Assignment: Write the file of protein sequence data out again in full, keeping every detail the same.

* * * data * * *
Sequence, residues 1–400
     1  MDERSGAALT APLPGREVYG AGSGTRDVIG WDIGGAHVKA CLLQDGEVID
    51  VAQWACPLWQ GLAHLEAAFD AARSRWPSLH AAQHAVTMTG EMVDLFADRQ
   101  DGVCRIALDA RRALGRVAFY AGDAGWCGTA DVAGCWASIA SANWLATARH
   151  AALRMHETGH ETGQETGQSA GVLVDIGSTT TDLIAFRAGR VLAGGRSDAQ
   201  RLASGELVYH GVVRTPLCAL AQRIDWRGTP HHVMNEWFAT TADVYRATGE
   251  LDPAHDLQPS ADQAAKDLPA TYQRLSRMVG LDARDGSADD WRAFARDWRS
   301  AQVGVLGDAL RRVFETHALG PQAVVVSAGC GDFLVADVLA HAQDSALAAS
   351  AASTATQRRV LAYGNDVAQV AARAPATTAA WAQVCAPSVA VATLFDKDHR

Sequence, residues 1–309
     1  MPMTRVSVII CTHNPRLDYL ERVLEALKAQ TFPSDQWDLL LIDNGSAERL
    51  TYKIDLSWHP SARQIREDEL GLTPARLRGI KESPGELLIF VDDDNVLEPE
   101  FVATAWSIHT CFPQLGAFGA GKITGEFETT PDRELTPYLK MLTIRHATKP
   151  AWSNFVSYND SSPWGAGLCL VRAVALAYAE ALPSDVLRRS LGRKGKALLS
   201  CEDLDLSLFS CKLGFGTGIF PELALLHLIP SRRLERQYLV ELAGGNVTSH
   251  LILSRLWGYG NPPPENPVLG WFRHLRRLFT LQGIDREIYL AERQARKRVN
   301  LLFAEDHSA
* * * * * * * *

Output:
Sequence, residues 1–400
     1  MDERSGAALT APLPGREVYG AGSGTRDVIG WDIGGAHVKA CLLQDGEVID
    51  VAQWACPLWQ GLAHLEAAFD AARSRWPSLH AAQHAVTMTG EMVDLFADRQ
   101  DGVCRIALDA RRALGRVAFY AGDAGWCGTA DVAGCWASIA SANWLATARH
   151  AALRMHETGH ETGQETGQSA GVLVDIGSTT TDLIAFRAGR VLAGGRSDAQ
   201  RLASGELVYH GVVRTPLCAL AQRIDWRGTP HHVMNEWFAT TADVYRATGE
   251  LDPAHDLQPS ADQAAKDLPA TYQRLSRMVG LDARDGSADD WRAFARDWRS
   301  AQVGVLGDAL RRVFETHALG PQAVVVSAGC GDFLVADVLA HAQDSALAAS
   351  AASTATQRRV LAYGNDVAQV AARAPATTAA WAQVCAPSVA VATLFDKDHR

Sequence, residues 1–309
     1  MPMTRVSVII CTHNPRLDYL ERVLEALKAQ TFPSDQWDLL LIDNGSAERL
    51  TYKIDLSWHP SARQIREDEL GLTPARLRGI KESPGELLIF VDDDNVLEPE
   101  FVATAWSIHT CFPQLGAFGA GKITGEFETT PDRELTPYLK MLTIRHATKP
   151  AWSNFVSYND SSPWGAGLCL VRAVALAYAE ALPSDVLRRS LGRKGKALLS
   201  CEDLDLSLFS CKLGFGTGIF PELALLHLIP SRRLERQYLV ELAGGNVTSH
   251  LILSRLWGYG NPPPENPVLG WFRHLRRLFT LQGIDREIYL AERQARKRVN
   301  LLFAEDHSA